In Chapter 5, is everything going in accordance to Major's dream and the commandments?

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mwestwood eNotes educator| Certified Educator

A political idealist, Old Major simplified things too much when he declared in Chapter 1 that the animals were all good and the people evil.  Obviously, in Chapter 5, there are desires in the animals that exist just as in people. While Mollie, who accepts treats from the farmers and eschews work and wishes to be pampered, runs off from the farm, Napoleon teaches dogs to defend him and threaten others so that he can dictate what he wants. 

When the animals hold meetings, Snowball and Napoleon argue.  As Snowball wins over the majority with his inspiring speeches, the envious Napoleon secretly canvasses support for himself. So, the animals become divided into two political factions.  Finally, on the issue of a windmill things come to a head as Snowball's eloquent speech is interrupted by Napoleon's shrill call to his attack dogs who chase Snowball from the farm.  After this, the other animals are terrified; they creep silently back into the barn.  Taking advantage of their fear, the dictatorial Napoleon climbs to the raised portion of the floor with his dogs and announces that there will committees of pigs, there will be no more debates.  When some of the pigs express disapproval, the dogs growl.  Then, Squealer emerges as a propagandist and puts a spin upon the truth that favors Napoleon.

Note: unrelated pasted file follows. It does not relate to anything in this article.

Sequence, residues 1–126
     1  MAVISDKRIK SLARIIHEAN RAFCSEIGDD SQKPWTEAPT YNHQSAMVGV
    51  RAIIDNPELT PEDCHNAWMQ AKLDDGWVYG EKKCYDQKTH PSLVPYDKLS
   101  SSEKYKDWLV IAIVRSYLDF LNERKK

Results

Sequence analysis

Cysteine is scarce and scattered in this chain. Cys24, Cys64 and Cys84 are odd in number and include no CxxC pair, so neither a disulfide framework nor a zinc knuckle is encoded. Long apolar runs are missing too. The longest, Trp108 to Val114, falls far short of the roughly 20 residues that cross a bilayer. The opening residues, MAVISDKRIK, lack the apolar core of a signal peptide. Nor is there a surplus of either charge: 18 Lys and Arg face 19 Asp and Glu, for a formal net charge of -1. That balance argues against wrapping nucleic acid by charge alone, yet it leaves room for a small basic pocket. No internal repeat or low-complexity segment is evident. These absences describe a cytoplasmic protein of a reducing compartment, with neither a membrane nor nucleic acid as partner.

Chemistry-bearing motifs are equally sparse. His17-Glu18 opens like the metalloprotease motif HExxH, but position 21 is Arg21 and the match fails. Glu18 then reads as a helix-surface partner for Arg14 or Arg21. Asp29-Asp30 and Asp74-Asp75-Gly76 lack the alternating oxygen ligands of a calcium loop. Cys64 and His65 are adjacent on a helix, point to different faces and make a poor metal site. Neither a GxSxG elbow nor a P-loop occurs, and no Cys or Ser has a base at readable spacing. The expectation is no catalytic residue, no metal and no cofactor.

Oddly enough, after Snowball has been gone for three weeks, Napoleon announces that the windmill will be constructed.  Later, Squealer "explains" that the plans for the windmill were not Snowball's, but were really Napoleon's all along. Squealer tells the animals,

He had seemed to oppose the windmill, simply as a manoeuvre to get rid of Snowball, who was a dangerous character and a bad influence.

Sadly, the ideal of the animal farm is soon shattered by the power-hungry Napoleon.